Teachers taught to tune into students' needs

Publication Date: Wednesday Sep 8, 1999

SCHOOLS: Teachers taught to tune into students' needs

Children's Health Council regional site for teacher training

by Charlie Breitrose

Teachers strive to bring the best out of every student in their class. No matter how they try, however, there are a few students who struggle to learn. Ninety-two teachers from around the western United States recently came to the Children's Health Council in Palo Alto to learn how to reach every student in their class.

During the two, one-week sessions in August, the Schools Attuned program showed teachers how to identify where students struggle, as well as where they excel. Mel Levine, the creator of Schools Attuned, said every child learns in a different way.

Levine, a professor of pediatrics at the University of North Carolina Medical School, is a founder of the All Kinds of Minds Institute in Chapel Hill, N.C. He is the co-chair of the institute, along with discount brokerage founder Charles Schwab. Through his work on how the brain functions, Levin has found ways to identify why people struggle and how to assist them.

"We want to make sure students are not punished for the way they're wired," Levine said.

Levine said Schools Attuned stresses students should not be stigmatized for their learning problems. A student is not labeled as having a particular learning disorder or pigeonholed as suffering from a disability. Instead, teachers are taught to observe students and treat problems in a way that does not hurt the youths' self-confidence.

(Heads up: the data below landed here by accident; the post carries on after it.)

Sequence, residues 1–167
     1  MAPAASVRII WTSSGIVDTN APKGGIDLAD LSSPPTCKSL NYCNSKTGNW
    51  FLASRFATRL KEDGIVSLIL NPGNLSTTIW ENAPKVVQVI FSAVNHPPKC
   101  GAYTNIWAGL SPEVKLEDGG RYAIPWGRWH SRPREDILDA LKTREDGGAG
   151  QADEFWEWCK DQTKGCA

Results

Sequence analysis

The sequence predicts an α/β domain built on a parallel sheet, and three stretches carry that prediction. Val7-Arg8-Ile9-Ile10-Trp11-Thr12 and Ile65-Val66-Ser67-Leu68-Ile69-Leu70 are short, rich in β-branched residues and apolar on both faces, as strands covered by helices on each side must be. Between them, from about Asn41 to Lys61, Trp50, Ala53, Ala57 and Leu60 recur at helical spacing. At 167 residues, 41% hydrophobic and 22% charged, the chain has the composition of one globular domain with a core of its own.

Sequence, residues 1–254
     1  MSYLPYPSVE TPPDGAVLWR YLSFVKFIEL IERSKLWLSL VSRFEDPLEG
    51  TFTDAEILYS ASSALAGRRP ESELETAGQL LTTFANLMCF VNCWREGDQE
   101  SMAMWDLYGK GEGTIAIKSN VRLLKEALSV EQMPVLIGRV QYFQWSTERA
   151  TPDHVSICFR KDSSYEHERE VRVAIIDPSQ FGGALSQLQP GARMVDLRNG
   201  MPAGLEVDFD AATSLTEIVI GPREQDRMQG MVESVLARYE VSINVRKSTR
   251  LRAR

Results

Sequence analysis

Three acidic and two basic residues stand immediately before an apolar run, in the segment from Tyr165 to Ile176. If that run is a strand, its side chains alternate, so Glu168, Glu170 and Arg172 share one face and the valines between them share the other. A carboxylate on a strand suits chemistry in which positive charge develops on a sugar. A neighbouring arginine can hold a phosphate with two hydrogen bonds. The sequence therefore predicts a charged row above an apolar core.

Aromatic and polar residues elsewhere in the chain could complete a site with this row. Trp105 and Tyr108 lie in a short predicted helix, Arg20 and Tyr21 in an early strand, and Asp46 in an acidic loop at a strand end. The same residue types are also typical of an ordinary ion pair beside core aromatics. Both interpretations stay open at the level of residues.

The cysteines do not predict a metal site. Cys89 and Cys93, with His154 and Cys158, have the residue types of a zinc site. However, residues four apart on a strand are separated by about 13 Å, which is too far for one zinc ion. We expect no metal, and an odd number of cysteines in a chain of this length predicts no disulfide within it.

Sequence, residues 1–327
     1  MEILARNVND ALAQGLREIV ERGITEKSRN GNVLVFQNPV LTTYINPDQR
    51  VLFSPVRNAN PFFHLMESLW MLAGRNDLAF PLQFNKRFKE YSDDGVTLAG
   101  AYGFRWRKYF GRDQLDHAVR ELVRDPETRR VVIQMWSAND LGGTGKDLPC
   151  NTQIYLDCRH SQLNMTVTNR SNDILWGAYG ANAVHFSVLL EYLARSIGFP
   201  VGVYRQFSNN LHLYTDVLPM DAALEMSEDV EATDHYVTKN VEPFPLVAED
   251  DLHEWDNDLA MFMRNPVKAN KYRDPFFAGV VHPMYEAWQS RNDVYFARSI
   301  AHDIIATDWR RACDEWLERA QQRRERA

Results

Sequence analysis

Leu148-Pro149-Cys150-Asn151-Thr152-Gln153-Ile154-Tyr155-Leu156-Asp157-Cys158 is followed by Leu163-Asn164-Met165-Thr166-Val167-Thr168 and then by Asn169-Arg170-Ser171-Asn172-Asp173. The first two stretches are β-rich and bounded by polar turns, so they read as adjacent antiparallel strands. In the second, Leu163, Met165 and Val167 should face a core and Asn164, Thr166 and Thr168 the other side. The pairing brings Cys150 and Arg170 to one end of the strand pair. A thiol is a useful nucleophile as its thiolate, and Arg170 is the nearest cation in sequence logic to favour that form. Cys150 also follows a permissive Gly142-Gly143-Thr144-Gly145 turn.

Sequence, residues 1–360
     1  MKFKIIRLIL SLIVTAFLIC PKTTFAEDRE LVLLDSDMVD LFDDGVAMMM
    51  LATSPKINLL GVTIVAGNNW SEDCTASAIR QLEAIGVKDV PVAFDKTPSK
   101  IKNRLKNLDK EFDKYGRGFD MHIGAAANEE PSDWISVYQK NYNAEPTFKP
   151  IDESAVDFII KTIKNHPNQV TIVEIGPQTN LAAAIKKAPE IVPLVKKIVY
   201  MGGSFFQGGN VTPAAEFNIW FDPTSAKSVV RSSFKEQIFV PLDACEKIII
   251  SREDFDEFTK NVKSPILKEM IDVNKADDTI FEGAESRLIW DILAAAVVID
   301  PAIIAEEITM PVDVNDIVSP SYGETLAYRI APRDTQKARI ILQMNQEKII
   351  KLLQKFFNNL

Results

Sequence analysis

"If a child has a problem writing, you probably don't want other children correcting his papers," Levine said.

The students that struggle are not the only ones the program helps. The child who gets straight A's, but has troubles socializing, is also someone Levine wants to aid.

Sally Peck said the program will aid her efforts at The Phillips Brooks School in Menlo Park. The history teacher and part-time administrator said teachers tend to teach in ways they themselves learned best. The Schools Attuned program helped Peck see the differences in the way children learn.

"The program really allows us to be more tuned-in, aware and maybe a little more empathetic to children who are struggling," Peck said.

The program is powerful, but not simple.

"The curriculum is very complex and sophisticated," said Levine. "They are learning what we would teach a neurologist in training."

The teachers attended a week's worth of all-day workshops where they learned half the program. The second half of the program will be taught next summer. This summer's workshop focused on four topics: attention, memory, language processing and language production.

"(The workshop) will not make us experts," Peck said. "What (Phillips Brooks) hopes to do is work more closely with the Children's Health Council on children who are struggling."

Levine said he chose the Children's Health Council to host Schools Attuned because of its reputation and resources. Peck said her school has worked with the Children's Health Council in the past to deal with difficult cases. She and the other attendees of the program will return to the site a few times during the year for additional training.

The Children's Health Council is only one of 10 sites around the country to run the Schools Attuned program, which is tailored to the region it serves.

"The Children's Health Council feels it is important to include bilingualism and multiculturalism, because it's so germane in this area," Levine said. "In North Carolina they focus on the effects of rural life and in New York City the focus is city kids."

In the coming years, Levine hopes to start more centers for Schools Attuned, and may even make the program international. Levine has been approached by educators in Denmark and Canada about bringing a program to them to help their children. 

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